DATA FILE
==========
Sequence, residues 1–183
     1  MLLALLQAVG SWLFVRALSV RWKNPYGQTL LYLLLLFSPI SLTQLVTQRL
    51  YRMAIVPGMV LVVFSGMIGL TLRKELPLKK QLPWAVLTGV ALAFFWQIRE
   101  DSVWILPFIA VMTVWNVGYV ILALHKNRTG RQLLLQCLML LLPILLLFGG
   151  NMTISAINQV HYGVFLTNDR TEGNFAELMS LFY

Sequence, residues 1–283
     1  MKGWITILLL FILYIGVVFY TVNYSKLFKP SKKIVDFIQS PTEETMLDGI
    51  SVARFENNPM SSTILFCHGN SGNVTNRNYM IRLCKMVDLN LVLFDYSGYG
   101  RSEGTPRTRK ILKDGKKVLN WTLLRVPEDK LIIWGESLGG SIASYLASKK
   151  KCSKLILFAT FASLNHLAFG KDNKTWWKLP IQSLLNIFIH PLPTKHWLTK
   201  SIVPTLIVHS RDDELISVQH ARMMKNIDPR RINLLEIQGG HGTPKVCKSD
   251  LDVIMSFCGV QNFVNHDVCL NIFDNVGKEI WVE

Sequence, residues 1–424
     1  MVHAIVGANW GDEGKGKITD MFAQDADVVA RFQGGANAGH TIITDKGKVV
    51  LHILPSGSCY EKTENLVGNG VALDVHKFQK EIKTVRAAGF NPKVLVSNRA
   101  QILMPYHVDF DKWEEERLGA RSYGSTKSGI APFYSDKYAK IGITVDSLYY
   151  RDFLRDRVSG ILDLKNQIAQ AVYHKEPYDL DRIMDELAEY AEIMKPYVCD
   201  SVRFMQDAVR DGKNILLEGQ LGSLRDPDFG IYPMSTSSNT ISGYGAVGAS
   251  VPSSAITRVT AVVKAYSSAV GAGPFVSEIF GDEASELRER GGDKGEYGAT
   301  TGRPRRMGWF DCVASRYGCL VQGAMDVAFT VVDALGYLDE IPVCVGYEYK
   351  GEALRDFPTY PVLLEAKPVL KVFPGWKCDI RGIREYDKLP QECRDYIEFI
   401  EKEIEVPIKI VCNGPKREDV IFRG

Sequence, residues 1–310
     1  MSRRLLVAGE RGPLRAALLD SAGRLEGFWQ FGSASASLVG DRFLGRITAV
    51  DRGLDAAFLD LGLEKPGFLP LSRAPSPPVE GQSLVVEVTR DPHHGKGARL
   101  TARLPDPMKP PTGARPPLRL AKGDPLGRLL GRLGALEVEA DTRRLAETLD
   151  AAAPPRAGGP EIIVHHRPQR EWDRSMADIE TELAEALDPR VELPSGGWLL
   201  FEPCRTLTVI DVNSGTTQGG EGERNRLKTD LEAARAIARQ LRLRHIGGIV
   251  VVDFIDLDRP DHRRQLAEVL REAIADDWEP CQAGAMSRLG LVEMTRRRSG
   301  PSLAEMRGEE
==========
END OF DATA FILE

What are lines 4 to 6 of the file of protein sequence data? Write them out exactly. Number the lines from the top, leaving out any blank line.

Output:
   101  DSVWILPFIA VMTVWNVGYV ILALHKNRTG RQLLLQCLML LLPILLLFGG
   151  NMTISAINQV HYGVFLTNDR TEGNFAELMS LFY

Sequence, residues 1–283